There’s no denying Abramovich has been a good owner for Chelsea, but how many fans have questioned the origins or mechanics of his wealth or whether money laundering, for example, has taken place? It merely demonstrates how shallow the football experience is at times and whether devotion to clubs is clouding over some of the more important aspects of life.
The same can be applied to most clubs that have benefitted from money from states that have very poor human rights policies. Manchester City’s links with Abu Dhabi is a classic case. The United Arab Emirates is a federation of hereditary absolute monarchies. Sheikh Mansour is a member of the royal family. The UAE hands out death sentences without a proper trial. Is this not comparable to, say, the 1936-37 Manchester City being sponsored by Germany’s Nazi party? Sounds dramatic, but the UAE is ranked 117thin the Human Freedom Index and some of City’s players, if they lived there, would not be welcome because of the colour of their skin. Yet does anyone protest about the club being backed by Abu Dhabi?
Qatar is in the same boat, ranked 103rdin the Human Freedom Index, but high enough to win the right to stage a World Cup. There are, apparently, few civil liberties permitted in Qatar and limited access to economic opportunity. Many foreign nationals face economic abuse such as withholding of wages, contract manipulation, poor living conditions and excessive working hours. Not exactly an inviting place for supporters wishing to attend the 2022 World Cup. Paris Saint-Germain, of course, are backed by Qatar and many see the transfers of Mbappe and Neymar as exercises in soft power play by the Arab state. Qatar may yet feel they backed the wrong horse, however, as PSG need European domination to justify the huge outlay rather than continual Ligue 1 titles.
China has also investment billions on western football, partly as a way to become a football state, but also as an aid to economic growth and greater credibility of their own country. Although China’s rise has been accompanied by better relationships and an emergence of a middle class eager to enjoy the material wealth of the west, it’s important to realise that it has an authoritarian regime that includes some repression. That’s why it is ranked 135thin the Human Freedom Index.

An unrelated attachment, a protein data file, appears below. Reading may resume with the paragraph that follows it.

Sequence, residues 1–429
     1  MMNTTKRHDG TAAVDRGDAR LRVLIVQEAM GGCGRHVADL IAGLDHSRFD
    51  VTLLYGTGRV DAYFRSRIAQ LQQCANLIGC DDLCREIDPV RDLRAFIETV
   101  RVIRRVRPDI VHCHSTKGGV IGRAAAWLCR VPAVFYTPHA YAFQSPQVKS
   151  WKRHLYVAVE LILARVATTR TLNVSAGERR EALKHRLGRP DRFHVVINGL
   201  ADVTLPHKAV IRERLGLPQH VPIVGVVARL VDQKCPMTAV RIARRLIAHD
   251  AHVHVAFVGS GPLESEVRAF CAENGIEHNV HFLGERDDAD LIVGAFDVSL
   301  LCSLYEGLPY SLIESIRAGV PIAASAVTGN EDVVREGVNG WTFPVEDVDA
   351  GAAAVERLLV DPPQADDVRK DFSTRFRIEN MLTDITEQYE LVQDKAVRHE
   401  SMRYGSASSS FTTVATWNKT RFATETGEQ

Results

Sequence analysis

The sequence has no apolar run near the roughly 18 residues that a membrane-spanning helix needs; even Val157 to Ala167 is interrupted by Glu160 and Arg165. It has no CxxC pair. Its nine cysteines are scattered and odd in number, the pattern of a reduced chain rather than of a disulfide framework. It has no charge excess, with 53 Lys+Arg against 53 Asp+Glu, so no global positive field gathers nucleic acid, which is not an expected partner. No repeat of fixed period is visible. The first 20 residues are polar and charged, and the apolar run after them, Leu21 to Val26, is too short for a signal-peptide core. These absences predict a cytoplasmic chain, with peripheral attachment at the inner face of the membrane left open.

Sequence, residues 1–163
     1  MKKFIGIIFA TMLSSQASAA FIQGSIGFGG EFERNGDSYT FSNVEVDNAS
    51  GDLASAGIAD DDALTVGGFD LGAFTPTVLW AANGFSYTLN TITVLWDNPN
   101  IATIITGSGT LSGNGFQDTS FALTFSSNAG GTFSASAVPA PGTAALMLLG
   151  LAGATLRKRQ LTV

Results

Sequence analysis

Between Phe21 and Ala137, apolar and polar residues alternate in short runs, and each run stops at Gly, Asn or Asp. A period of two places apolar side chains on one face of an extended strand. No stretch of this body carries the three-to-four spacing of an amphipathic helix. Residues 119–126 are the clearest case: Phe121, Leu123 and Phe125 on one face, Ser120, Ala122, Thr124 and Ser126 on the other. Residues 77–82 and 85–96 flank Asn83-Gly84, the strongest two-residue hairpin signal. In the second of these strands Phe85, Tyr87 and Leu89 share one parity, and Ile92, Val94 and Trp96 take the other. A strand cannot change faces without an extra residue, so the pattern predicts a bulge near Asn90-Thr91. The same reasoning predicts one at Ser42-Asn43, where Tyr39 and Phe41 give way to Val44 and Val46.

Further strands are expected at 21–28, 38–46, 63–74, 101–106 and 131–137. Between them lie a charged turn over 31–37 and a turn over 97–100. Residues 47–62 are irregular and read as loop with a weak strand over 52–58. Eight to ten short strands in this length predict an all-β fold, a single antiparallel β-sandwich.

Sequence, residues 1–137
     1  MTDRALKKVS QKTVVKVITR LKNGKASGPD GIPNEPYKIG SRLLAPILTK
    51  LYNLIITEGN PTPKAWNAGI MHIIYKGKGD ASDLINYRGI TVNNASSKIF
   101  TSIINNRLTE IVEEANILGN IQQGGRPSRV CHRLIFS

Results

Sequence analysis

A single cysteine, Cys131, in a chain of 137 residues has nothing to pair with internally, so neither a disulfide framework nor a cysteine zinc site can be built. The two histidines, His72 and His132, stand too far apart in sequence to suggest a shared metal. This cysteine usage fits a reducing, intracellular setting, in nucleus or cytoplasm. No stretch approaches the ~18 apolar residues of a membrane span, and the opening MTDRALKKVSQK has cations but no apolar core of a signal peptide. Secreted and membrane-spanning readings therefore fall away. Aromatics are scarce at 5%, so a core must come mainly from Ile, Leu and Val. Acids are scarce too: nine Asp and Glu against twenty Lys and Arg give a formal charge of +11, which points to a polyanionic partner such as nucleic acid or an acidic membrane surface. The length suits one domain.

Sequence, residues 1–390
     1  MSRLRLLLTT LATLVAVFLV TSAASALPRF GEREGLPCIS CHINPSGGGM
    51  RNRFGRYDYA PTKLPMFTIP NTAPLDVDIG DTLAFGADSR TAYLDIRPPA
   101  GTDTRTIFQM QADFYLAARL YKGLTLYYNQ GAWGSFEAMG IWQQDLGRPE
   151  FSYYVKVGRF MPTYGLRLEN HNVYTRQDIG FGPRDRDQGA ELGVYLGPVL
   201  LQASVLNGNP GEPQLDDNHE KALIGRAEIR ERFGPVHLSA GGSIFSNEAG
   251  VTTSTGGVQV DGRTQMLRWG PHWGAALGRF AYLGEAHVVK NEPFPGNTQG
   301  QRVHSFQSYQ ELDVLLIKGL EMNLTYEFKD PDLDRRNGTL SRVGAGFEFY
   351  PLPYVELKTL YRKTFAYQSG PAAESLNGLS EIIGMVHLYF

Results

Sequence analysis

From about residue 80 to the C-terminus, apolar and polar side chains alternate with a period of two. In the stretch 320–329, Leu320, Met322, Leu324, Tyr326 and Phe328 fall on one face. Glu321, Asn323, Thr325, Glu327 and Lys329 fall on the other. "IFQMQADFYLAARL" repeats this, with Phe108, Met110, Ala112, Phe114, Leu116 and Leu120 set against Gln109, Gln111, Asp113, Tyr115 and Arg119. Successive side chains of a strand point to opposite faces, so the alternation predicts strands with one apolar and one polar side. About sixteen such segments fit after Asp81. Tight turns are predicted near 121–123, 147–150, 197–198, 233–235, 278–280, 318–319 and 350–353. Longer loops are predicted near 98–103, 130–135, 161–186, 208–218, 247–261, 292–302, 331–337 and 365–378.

These are just a few examples. As the emerging markets continue to grow, greater wealth is being created and the individuals that benefit from this growth will look to exploit globalisation. Football, with its mass appeal, cash generating potential and business momentum, will naturally appeal to business from Asia and other regions. Ownership of European clubs is already in the hands of China, the Middle East and not to mention, the US and this will surely continue to grow.
It is naïve of fans to dismiss the role being played by investors that have less than clean CVs by suggesting that sport is neutral when it comes to politics, financial crime and abuse of human rights. They should think again, because the freedom they exercise by visiting a football stadium, chanting, showing appreciation and spending their disposable income, is not necessarily enjoyed by people from the countries that are providing financial support to their clubs. If we were all truly principled, we would not endorse clubs backed by states that offer no personal freedom.
That said, there are other nations with less recognised levels of corruption and malpractice, including some of the world’s largest economies. As it is, by accepting these as the norm, we all become part of the same hypocrisy.